Conclusions: The prevalence data for the inaccurate diagnosis of COPD in primary care medicine in Spain establishes a point of reference in the clinical management of COPD. The descriptors of the variables associated with this inaccurate diagnosis can be used to identify cases and centers in which inaccurate diagnosis is occurring considerably, thus allowing for improvement.
Keywords: COPD, clinical audit, primary care medicine, inaccurate diagnosis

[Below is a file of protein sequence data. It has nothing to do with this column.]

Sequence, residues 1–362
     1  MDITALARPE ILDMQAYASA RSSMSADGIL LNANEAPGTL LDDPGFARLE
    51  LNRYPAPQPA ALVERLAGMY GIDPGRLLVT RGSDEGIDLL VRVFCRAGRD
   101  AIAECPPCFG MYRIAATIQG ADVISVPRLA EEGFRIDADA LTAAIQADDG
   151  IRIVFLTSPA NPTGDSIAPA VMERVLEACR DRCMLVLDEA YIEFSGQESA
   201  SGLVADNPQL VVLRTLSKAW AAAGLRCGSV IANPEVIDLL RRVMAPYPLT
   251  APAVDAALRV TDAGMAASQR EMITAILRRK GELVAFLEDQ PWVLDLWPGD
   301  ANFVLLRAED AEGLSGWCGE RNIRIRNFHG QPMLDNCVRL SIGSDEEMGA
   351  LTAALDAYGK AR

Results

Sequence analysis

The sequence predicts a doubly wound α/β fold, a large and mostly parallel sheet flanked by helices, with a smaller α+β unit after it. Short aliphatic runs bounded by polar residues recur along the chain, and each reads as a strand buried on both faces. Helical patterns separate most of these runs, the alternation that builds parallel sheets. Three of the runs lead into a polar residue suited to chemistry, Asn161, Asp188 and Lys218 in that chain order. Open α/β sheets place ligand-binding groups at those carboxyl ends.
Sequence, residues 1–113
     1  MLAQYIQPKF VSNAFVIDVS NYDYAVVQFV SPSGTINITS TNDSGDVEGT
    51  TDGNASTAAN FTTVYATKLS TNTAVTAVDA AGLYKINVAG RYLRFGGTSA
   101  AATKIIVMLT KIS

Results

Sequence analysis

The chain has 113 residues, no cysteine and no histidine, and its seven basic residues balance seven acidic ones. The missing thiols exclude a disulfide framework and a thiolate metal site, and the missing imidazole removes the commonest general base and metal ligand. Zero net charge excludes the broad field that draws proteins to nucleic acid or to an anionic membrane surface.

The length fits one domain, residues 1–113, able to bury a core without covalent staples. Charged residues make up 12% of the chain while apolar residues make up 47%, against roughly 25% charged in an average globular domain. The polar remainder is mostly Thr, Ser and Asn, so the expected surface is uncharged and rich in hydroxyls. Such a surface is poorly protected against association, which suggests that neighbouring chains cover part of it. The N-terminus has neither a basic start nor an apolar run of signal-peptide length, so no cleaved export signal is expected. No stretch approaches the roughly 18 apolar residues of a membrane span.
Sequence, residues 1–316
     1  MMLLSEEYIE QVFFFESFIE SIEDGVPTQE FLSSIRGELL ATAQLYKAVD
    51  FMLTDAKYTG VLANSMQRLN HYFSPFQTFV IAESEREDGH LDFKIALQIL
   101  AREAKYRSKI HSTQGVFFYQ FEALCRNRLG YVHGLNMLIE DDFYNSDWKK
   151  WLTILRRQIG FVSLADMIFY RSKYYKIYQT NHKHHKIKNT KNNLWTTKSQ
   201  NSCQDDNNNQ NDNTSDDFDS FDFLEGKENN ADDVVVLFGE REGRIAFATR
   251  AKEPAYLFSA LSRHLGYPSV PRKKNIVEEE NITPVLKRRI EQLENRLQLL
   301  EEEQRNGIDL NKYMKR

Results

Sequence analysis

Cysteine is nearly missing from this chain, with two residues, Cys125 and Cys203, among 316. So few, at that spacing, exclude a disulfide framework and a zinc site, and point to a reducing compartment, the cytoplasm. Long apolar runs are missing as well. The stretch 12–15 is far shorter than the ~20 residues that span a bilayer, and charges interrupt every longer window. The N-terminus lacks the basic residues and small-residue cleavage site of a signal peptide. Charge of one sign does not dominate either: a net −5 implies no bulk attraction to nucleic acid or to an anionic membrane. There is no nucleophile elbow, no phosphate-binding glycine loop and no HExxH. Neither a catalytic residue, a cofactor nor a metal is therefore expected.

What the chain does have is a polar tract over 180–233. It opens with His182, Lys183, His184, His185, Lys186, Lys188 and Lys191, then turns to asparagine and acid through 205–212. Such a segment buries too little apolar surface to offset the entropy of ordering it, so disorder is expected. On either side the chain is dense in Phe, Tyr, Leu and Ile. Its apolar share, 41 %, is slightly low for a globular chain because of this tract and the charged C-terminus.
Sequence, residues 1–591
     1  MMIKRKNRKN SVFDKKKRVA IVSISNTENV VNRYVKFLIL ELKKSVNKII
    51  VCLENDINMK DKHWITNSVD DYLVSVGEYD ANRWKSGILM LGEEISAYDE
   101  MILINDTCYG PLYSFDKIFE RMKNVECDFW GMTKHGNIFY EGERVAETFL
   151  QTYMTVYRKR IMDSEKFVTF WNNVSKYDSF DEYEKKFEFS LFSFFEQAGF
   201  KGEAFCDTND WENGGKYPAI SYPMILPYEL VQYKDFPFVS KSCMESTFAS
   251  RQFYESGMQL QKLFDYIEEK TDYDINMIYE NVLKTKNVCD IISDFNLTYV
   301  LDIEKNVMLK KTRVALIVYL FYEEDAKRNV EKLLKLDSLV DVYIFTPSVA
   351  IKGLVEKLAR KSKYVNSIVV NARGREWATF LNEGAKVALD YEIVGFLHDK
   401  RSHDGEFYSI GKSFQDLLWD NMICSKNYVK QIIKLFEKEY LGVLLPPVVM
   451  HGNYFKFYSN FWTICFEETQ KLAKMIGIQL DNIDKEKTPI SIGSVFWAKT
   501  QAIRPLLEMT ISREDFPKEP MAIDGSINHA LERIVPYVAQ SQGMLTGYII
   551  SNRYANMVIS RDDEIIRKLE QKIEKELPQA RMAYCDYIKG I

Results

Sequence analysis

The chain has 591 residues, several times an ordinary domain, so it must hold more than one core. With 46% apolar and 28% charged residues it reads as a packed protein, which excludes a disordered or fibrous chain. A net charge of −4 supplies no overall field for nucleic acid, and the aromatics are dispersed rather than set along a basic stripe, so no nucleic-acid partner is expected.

The adequacy of the diagnosis of COPD remains a challenge for clinicians and health-care managers. Recent epidemiological studies have reported a considerably high frequency of inadequate diagnosis,1 despite the well-known practice guidelines with clear recommendations for the diagnosis of the disease,2 resulting in two different clinical scenarios. On the one hand, under-diagnosis constitutes a problem already acknowledged by different studies in recent years.3–5 Receiving inadequate heath care6 or suffering from an uncontrolled disease that may also impact other comorbidities7 are some of the consequences of this under-diagnosis. On the other hand, over-diagnosis is another problem that frequently occurs in COPD. This over-diagnosis can impact several key aspects of the disease,8 including increased exposure to – pharmacological treatment that would not otherwise be needed as well as an increase in the use of health services by the wrong patients, and the performance of a number of diagnostic tests. Additionally, people may be urged to adapt their lifestyle for a disease they do not have, with regular unneeded monitoring which would finally label them as sick individuals. Finally, it clearly impacts the health system leading to potential extra costs.